Bacteria persist on toddler toy and crib surfaces

A study showed that biofilms of strep bacteria, pictured here, can linger for a long time on surfaces in a day care center. (Laura Marks / University of Buffalo)

That Christmas crib toy you got junior? It might be just the thing to give him strep throat, according to a new study.

The bacteria that cause strep throat may linger far longer on inanimate objects than previous lab tests suggested, according to University of Buffalo researchers.

Streptococcus pneumoniae, the leading cause of ear and respiratory tract infection in children, and Streptococcus pyogenes, the bacterial culprit behind strep throat and skin infections, lingered on surfaces in cribs, toys and books many hours after they had been cleaned, according to a study published Friday in the journal Infection and Immunity.

Conventional wisdom held that both bacteria died quickly outside a human host, and that the prevailing means of infection came through immediate human contact or via expelled droplets from coughing or sneezing.

“These findings should make us more cautious about bacteria in the environment,” said Anders Hakansson,  a University of Buffalo School of Medicine and Biomedical Sciences microbiologist who is senior author of the study.

Hakansson said he believes some items could serve as reservoirs where the bacteria can linger for as long as several months.

Researchers based their findings on tests conducted on items in a day care center, where they found four of five stuffed toys tested positive for S. pneumoniae, and several other surfaces showed evidence of S. pyogenes – even after cleaning. The testing was done in the early morning hours before the center opened, long after the last human contact with the objects.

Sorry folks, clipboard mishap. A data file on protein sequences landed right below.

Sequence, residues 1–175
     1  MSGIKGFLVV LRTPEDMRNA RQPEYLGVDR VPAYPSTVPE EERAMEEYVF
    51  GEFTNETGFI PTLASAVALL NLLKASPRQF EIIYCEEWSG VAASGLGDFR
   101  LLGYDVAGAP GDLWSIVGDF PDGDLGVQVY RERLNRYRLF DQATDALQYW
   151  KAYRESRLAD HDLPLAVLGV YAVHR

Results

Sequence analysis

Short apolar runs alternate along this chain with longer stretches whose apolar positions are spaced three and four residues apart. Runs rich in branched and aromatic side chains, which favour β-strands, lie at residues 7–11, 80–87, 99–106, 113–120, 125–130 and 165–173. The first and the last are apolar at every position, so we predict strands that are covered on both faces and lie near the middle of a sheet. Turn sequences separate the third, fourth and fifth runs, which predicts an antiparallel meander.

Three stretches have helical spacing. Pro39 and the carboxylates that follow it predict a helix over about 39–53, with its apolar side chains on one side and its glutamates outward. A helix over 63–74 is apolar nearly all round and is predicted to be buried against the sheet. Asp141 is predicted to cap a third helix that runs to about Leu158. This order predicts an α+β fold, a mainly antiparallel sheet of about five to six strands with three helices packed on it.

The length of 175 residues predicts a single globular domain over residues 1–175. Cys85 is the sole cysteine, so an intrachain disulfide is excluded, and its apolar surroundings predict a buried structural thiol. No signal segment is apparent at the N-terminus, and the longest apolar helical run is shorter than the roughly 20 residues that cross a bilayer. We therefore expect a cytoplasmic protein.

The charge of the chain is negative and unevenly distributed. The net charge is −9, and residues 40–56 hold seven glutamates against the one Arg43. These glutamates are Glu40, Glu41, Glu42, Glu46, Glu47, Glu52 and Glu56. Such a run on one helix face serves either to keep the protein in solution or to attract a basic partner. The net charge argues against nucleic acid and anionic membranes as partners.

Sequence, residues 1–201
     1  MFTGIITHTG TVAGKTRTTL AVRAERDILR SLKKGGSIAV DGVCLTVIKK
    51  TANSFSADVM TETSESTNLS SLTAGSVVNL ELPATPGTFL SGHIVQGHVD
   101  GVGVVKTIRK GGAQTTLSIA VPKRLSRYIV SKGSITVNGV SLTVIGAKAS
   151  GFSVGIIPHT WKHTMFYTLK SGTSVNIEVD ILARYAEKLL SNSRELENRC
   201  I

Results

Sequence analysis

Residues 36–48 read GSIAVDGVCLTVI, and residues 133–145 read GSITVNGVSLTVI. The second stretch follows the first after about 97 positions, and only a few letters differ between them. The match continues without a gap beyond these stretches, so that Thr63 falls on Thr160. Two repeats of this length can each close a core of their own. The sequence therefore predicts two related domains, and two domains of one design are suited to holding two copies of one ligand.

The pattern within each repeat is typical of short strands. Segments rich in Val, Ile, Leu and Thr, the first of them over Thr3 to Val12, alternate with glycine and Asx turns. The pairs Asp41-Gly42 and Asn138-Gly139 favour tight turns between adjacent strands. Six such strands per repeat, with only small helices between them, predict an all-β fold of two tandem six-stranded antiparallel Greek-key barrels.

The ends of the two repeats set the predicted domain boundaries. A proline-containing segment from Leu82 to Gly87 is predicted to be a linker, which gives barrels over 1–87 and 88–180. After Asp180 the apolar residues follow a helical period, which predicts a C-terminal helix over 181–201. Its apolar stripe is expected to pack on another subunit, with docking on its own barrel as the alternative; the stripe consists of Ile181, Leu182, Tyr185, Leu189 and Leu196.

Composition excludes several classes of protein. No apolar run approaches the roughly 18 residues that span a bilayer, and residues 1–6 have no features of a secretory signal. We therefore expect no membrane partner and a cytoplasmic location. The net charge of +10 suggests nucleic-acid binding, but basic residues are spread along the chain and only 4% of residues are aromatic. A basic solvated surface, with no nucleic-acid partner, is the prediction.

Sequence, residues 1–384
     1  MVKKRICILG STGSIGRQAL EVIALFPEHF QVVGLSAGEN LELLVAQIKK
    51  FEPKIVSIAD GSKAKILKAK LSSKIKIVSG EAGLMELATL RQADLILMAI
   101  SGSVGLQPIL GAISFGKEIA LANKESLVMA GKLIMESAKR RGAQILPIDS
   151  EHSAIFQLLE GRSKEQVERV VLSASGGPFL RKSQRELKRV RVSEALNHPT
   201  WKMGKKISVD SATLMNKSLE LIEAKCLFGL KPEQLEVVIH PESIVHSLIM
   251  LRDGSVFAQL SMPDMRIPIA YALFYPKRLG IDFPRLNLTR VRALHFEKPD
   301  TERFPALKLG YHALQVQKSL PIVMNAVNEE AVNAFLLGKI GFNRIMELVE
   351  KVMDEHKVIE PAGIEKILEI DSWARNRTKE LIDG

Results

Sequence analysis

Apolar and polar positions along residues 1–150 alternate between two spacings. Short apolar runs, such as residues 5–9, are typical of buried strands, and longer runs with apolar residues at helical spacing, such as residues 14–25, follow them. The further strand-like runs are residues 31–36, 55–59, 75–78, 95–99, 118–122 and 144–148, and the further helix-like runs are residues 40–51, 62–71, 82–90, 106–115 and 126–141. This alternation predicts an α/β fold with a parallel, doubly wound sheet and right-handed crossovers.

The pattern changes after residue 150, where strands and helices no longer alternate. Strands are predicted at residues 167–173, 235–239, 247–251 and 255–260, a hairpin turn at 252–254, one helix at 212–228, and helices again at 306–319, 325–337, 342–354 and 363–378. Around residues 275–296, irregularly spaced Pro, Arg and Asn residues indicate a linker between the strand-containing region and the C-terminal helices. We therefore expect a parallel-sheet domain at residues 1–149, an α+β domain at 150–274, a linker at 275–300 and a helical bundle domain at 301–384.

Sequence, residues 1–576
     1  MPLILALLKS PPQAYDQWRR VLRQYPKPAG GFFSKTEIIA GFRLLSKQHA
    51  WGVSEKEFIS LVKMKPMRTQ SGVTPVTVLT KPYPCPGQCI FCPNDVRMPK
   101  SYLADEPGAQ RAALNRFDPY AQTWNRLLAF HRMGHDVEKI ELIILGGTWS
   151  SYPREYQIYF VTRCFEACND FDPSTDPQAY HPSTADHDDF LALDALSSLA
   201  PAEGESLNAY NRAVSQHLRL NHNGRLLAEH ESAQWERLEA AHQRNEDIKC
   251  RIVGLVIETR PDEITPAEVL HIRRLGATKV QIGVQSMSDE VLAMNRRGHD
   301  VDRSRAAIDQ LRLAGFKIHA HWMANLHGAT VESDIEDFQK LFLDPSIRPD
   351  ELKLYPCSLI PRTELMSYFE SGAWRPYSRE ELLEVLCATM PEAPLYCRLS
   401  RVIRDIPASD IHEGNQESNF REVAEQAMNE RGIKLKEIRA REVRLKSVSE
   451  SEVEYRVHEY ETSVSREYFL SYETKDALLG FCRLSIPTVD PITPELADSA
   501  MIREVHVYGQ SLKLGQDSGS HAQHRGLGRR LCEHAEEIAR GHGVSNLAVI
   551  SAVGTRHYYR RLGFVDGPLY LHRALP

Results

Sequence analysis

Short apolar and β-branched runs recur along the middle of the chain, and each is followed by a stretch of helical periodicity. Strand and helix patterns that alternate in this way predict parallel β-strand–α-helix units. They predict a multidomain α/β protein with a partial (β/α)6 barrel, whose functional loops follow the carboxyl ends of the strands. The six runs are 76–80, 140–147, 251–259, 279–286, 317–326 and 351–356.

The Buffalo research team last year showed that bacteria colonizing human skin can form stubborn biofilms that are hardier than other forms of bacteria.

Knowing how stubborn these biofilms can be, Hakansson and doctoral students Laura R. Marks and Ryan M. Reddinger wanted to test whether conventional methods of determining bacterial survival, using cultures grown in a laboratory, accurately depicted the form of the pathogens in day care centers and home nurseries.

“We knew that this form of bacteria may not represent how they actually grow in the host," Hakansson said in a statement. “We wanted to know how well biofilm bacteria survive outside the body.”

The researchers also showed that month-old biofilms of the bacteria, taken from contaminated objects, could readily colonize mice, a likely sign that they can infect humans.

The researchers said it was unclear how much human infection with the strep bacteria is attributable to potential biofilm reservoirs on inanimate objects. But they suggested that protocols for cleaning day care centers and home nurseries may need to change.

While strep infections tend to be little more than a painful inconvenience in the developed world, in areas that lack adequate water, nutrition and antibiotics, they kill one in 1 million children annually, through respiratory tract infections, pneumonia and sepsis.